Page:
But even beyond that, Americans and American officials have expressed outrage over the Boston bombers’ vicious use of “pressure cooker bombs” that sent nails and ball bearings blasting into the bodies of innocent bystanders. And it is true: these were vicious little bombs designed to wound and maim the flesh of innocents. But has anyone thought to wonder where the bombers might have got the idea for what, in war, are called “cluster bombs?” Weren’t there reports testifying to Israel’s use of vicious little “dime” (dense, inert, metal explosives) bombs in its 2008 invasion of Gaza against a defenseless population? And what about the United States and its use of cluster bombs? Its refusal, even today, to outlaw the use of land mines?
As it happens, I’m even now reading Nick Turse’s detailed account of war crimes during the Vietnam War, Kill Anything That Moves (Holt: 2013). And what he says about America’s murderous policy against civilians in Vietnam (leaving out the horror of napalm and white phosphorus and the constant artillery and naval bombardments) is horrifying. It was, in fact, the American military that concluded, in the early 1950s, that it had to find weapons that, without alarming too much the conscience of the world (if the U.S. had used nuclear weapons, that is), would prove effective in guerilla war by maiming, not killing, the population in which guerilla warriors “swam.” So our war geniuses came up with cluster bombs—devilish little anti-personnel weapons that spread steel pellets far and wide, and that entered flesh in various parts of the body, thus causing doctors devilish amounts of time and trouble trying to locate and remove them. According to Turse, the the BLU-3 bomblet (the military gave these fiendish toys lovely little names like the “pineapple” or the “guava”) had 250 steel pellets spring-loaded into a small container. Dropped 1000 at a time from B-52 bombers flying high above the countryside, the pineapples burst open to blast 250,000 lethal ball bearings into heavily populated areas so that they could tear through the flesh of women and children and old people (the young men routinely fled from their villages because any man found in a village was automatically assumed to be a Vietcong.) Another type, the CBU-24, was packed with 640 to 670 separate BLU-26 bomblets, each one of those loaded with 300 steel pellets. This meant that just one "guava" could send 200,000 steel fragments shooting in all directions; while a single B-52 bomber could saturate an area of about a square mile with more than 7.5 million deadly pellets. From 1964 through 1971, according to Turse, the U.S. military ordered over 300 million pineapples and guavas—“nearly seven for each man, woman and child in Vietnam, Laos and Cambodia.”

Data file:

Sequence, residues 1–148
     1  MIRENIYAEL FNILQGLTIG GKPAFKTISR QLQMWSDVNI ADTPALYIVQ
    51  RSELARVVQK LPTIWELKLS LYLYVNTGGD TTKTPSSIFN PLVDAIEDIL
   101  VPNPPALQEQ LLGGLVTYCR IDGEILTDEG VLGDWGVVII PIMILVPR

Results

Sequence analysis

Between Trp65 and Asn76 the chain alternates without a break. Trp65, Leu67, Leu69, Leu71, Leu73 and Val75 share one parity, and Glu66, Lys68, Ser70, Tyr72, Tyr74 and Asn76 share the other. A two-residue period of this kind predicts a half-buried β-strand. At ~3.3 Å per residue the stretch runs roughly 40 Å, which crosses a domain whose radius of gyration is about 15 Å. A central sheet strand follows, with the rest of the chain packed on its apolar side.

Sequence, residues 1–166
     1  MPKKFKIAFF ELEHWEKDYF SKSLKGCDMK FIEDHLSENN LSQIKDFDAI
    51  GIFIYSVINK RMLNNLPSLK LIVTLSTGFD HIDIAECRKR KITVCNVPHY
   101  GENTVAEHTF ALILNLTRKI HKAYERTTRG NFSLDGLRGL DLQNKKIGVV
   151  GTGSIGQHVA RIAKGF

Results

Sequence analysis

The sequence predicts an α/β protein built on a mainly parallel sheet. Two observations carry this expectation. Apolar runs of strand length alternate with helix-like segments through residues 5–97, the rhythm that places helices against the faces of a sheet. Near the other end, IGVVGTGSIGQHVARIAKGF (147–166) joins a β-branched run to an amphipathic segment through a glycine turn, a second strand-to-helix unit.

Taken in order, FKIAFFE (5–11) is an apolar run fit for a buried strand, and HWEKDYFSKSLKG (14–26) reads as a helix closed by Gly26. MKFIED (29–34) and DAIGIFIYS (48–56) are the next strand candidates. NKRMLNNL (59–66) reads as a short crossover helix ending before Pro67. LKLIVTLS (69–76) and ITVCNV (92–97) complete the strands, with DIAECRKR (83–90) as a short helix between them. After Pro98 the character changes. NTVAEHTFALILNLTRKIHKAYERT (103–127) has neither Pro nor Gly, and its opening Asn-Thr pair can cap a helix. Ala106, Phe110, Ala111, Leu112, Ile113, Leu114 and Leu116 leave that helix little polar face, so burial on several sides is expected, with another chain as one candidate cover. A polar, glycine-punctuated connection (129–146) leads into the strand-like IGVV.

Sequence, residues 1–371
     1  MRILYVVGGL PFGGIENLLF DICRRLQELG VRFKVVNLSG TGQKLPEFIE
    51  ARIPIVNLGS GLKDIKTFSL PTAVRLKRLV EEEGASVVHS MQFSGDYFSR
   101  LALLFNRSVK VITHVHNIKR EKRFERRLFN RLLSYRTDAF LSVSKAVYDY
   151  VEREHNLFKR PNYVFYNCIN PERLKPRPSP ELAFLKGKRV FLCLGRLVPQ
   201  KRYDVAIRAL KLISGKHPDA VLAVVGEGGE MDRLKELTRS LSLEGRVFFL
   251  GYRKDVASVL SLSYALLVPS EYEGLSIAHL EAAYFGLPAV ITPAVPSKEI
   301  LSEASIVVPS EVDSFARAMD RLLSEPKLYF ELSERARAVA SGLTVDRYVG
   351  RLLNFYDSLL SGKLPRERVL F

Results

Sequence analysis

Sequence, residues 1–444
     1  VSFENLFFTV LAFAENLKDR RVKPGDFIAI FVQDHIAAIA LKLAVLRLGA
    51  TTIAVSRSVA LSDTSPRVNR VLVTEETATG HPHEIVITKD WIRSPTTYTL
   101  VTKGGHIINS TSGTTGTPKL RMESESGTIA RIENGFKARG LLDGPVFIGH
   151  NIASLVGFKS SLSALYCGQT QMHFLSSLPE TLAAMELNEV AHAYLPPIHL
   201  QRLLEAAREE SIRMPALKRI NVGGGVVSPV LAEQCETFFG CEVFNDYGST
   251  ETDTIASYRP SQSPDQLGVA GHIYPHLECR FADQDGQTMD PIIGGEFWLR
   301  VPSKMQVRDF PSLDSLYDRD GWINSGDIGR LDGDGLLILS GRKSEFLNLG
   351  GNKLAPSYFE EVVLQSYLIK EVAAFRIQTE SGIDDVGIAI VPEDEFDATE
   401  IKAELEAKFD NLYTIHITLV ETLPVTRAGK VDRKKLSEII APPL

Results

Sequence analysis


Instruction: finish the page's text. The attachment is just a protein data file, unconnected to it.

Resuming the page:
Did we hear the howls of all the millions of Vietnamese children whose flesh was torn apart by these diabolical devices? Do we hear them today?
Ah no. The howls we hear are howls of outrage attacking a UN official named Falk who dared to draw attention to the savagery that we have unleashed, and that our proxy Israel has unleashed throughout the Middle East.
And the howls of those who keep asking: “Why? Why do they hate us?”